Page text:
I grew up in a house of five. We had a penchant for taking road trips to see family, or to declare certain nights “Family Game Night.” Though we were all fans of board games, it was always easy to keep a deck of cards around to be ready to entertain ourselves. There are plenty of card games out there, which are good to know (all the variations of poker, blackjack, Solitaire, etc.) The list I have compiled is one, which I believe, gives versatility to your card playing, and all the games are fairly simple to understand. I will just give you my reasons for why you should know how to play the game, and I’ll link you to a set of rules which I believe to be coherent.
First up is Rummy, also called Gin Rummy. This game is easy to play, once you have a handle on the rules, and Rummy can be played with anywhere from 2 to 5 or 6 people. Since it is a game in which points rack up quickly, any hand can change the course of a game. Usually the game is played to a set point value (100 points, 200 points, it doesn’t really matter), but, if you’re like me, and you like to play in restaurants or coffee shops to pass the time, Rummy is easy enough to stop whenever you are interrupted.
There are a lot of variations of this game in the world, and I am sure that there are some variations from place-to-place as well. When you look at the rules, I would suggest you take the option of not forcing a play to the table if the top card from the discard pile is taken, but enforcing all the restrictions if they choose to “dig” for a card. Have fun!
A staple in my household. This is the farmer’s card game, and, growing up in the midwest, everybody learned how to play at some point. I have a fond memories of playing in Euchre tournaments with my brother, and even winning! This is a partner game to be played with four people. So, whenever one of the kids was out for the night, my parents and the remaining children would sit down and play a few games. One of the odd, but beneficial, parts of the game is you only play with the cards 9-A (going up). It’s possible the game was so popular in my house because we had a hard time keeping a full deck around.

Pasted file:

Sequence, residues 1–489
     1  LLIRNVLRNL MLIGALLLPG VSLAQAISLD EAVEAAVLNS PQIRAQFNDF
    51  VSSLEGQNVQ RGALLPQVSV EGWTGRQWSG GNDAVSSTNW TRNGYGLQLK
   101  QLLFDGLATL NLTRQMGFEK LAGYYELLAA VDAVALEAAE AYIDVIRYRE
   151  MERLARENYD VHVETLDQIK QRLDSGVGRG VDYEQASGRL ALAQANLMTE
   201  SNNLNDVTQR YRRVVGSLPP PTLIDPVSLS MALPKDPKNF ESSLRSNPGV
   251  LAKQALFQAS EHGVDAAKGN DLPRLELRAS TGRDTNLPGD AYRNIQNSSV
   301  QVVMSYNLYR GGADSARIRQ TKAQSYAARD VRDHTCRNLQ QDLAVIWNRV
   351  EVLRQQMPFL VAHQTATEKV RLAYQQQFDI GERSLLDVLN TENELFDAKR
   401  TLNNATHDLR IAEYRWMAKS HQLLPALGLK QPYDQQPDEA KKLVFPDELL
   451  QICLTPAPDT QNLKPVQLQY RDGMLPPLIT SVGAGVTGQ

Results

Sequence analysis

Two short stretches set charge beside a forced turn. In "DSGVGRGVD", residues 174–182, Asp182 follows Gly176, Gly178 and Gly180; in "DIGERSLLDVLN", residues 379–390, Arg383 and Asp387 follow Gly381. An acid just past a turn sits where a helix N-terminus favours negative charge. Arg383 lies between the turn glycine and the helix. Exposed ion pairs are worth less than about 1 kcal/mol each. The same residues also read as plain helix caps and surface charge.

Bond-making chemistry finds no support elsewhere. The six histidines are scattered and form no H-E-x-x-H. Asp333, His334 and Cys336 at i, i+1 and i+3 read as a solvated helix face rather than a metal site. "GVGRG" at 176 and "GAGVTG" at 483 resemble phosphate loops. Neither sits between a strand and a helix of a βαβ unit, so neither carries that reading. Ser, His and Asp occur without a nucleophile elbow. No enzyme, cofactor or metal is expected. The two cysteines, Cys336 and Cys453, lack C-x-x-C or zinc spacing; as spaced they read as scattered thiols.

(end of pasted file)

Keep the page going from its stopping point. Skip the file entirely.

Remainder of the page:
Euchre is a tricks-based game, and, like other trick-based games, involves trump. There are some funny rules in Euchre about trump, and it is hard to catch on if you are just watching with no idea of how the game is played. I encourage you to check out the rules, find some people who know how to play, and let them guide you. You might even pick up some of the farmer lingo like being “in the barn,” or the infamous celebratory dance “churn the butter.”
This is another 4-person game, which made it a regular in my household, but Hearts is a individual’s game, no partner. I learned to play this playing Hoyle Classic Games on our old computer. Hearts is all about following suit, keeping control, and understanding card distribution. Hearts and Euchre together are a fine introduction to strategic card playing and being aware of the other players in your game.
It’s scored kind of like golf, in that you don’t want to accumulate points (hearts), but there is a wonderful bit of riskiness involved, because if you collect all the hearts on a given hand, everybody else gets all the hearts. This is called “Shooting the Moon.” Hearts is a fun game that will keep you on your toes, and teach you a little bit about how to follow what other players are doing.
This game is fun, fast, and secretive. A common game at camp and at the pool, this partner game is all about getting 4-of-a-kind and letting your partner know, without anybody else noticing. The key to Kemps is coming up with a good signal, and keeping your eyes up! The gist of it is, when you get 4-of-a-kind you give your partner the secret signal and they declare “KEMPS!” to say they know you have 4-of-a-kind. When that happens, all the other pairs get a letter. First pair to have K-E-M-P-S, loses. The other way you can get other pairs letters is by identifying their secret sign, and calling them out on it before the partner declares “KEMPS!”
In my experience, Kemps is best played with 2 or 3 partner pairs. You can do it with more, but if you do, I suggest adding a second deck of cards. This game is a lot of fun, and very energetic. I played couple weeks ago with my girlfriend, her brother, and his wife. At the end of the game all of our hearts were pounding…we probably had to stay up an extra half-hour to let ourselves settle down before going to bed. So, my advice, don’t play before bed!
Obviously, this is not a be-all, end-all of card games. There are innumerable fun card games out there, these are just the ones that I think give you versatility as a friendly card player. Comment, and let me know what other card games you enjoy!